In short, there needs to be a moment like when the US passed TARP. I do believe that VERY unorthodox Fed policy could have offset a run on the entire banking system, but I also believe such unorthodox policy would have never happened and we would have had another Great Depression without TARP. Everybody hates it now, but at that moment, people saw the stock market and realized that all the prognostications were true.

    IMO, eventually Germany will come to the realization that the Euro could in fact break up with devastating consequences and they will have a TARP moment. Markets are still too high even now for a Eurozone breakup. They’re just pricing in the possibility of a breakup, but in the end I think that countries will come together for some sort of fiscal union.

  23. Gravatar of Matt Waters Matt Waters
    27. November 2011 at 22:48


    I guess that’s what I get for just glancing at his blog. All the arguments seemed like regular Austrian-type stuff when I first looked at it, particularly the “misallocation of capital” angle. That is indeed pretty crazy.

    FWIW, I admire the ideological purity of Austrians. There’s a very alluring siren call for libertarian to blame every lost problem on government, including massive cyclical unemployment. But I just don’t understand how cyclical unemployment can be anything other than a traditional market failure, like natural monopolies or tragedy of the commons.
    In an ideal world with no market imperfections, cyclical unemployment would not exist.

  24. Gravatar of Peter N Peter N
    28. November 2011 at 02:24

    An NGPD target may be a long term solution (certainly compared with a crisis time scale of a few weeks), but in the meantime, h0w big a bailout fund would you need to live to see the long term.

    Well, Bloomberg extracted some information from the Fed about the banks borrowing in the 2008 bailout. The largest total for any day was $1.2 trillion. And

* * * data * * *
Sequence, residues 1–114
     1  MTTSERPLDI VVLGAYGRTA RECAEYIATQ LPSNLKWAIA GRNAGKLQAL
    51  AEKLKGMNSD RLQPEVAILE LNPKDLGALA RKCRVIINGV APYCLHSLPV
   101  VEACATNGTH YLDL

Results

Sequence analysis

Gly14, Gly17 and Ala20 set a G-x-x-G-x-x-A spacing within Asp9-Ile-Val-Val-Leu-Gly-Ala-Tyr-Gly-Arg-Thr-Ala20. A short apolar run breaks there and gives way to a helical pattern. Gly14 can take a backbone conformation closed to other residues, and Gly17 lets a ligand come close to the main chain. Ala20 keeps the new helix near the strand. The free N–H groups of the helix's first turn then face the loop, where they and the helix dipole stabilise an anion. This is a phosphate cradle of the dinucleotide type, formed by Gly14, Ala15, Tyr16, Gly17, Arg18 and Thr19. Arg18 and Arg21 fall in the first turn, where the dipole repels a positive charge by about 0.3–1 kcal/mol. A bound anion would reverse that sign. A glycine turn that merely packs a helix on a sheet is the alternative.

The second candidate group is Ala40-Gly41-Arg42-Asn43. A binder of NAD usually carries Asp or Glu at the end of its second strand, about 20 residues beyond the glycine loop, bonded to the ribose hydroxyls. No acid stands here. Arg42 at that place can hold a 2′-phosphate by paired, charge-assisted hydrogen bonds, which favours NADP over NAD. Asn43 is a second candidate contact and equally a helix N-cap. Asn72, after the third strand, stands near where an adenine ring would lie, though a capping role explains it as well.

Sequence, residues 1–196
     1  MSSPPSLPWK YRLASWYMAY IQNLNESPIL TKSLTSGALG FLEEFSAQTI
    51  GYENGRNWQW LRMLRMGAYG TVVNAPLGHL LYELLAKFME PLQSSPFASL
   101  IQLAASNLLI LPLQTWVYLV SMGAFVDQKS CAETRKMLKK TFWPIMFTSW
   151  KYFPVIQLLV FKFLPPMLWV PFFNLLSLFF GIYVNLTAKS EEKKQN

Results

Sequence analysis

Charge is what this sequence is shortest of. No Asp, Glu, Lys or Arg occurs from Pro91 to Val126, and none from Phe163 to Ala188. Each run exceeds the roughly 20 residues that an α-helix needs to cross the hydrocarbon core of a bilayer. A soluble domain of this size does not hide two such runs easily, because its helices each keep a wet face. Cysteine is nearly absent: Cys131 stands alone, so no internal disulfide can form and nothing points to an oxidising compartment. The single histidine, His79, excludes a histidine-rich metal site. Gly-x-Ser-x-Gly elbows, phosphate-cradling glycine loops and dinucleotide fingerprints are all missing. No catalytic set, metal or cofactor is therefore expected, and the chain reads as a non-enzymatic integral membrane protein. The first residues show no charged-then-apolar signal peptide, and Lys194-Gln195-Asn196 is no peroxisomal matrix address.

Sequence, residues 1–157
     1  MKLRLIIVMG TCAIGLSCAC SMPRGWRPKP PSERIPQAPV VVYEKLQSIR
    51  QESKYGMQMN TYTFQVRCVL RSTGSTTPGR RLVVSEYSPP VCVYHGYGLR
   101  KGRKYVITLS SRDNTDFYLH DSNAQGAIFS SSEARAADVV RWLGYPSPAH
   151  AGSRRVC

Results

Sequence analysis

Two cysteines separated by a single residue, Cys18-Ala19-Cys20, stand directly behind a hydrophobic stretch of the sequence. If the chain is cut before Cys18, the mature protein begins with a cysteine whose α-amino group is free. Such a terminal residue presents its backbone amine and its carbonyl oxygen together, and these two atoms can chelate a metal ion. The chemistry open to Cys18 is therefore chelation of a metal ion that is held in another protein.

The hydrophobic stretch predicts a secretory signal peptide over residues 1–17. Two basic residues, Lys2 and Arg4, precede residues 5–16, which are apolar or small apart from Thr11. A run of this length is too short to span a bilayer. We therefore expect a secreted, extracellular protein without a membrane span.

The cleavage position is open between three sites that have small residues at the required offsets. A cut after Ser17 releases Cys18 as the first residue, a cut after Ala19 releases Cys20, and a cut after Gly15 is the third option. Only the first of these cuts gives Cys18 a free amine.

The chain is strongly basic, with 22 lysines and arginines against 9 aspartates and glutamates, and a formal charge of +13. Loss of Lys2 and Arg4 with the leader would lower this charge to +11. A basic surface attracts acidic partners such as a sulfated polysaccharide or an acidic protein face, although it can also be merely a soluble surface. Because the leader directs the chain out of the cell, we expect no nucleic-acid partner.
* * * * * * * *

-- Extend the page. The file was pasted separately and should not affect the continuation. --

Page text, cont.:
“Add up guarantees and lending limits, and the Fed had committed $7.77 trillion as of March 2009 to rescuing the financial system, more than half the value of everything produced in the U.S. that year.”

    Also see Felix Salmon, where I got the link.

    The European banks are much bigger and at least as sick, so I figure something like twice those amounts should be enough if all goes well. The ECB will have to sell its stamp collection.

  25. Gravatar of Lars Christensen Lars Christensen
    28. November 2011 at 03:09

    Matt, Government institutions are clearly to blame – central banks failed and that is why we are in this mess, but Bob think that loose monetary policy is to blame – market monetarists including myself believe that overly tight monetary policy is to blame. The odd thing is that Bob is in favour of a gold standard – I say why not feel it to the market to decide what monetary regime you would like? George Selgin & Co. are the true Free Market advocates in monetary questions – the gold bunch just want another form of government intervention in money.

  26. Gravatar of dwb dwb
    28. November 2011 at 05:18

    more like the practice of bloodletting to “balance the humours.” Sure, the patient is sick. Bloodletting only weakens the patient further and makes him/her suceptible to infections.

  27. Gravatar of Peter N Peter N
    28. November 2011 at 05:19

    I think You’re both right. The Fed went on a loosening spree in early 2002 and then tried to tighten in 2005. However they lost control, because the banks and shadow banks created money equivalents so they could keep partying.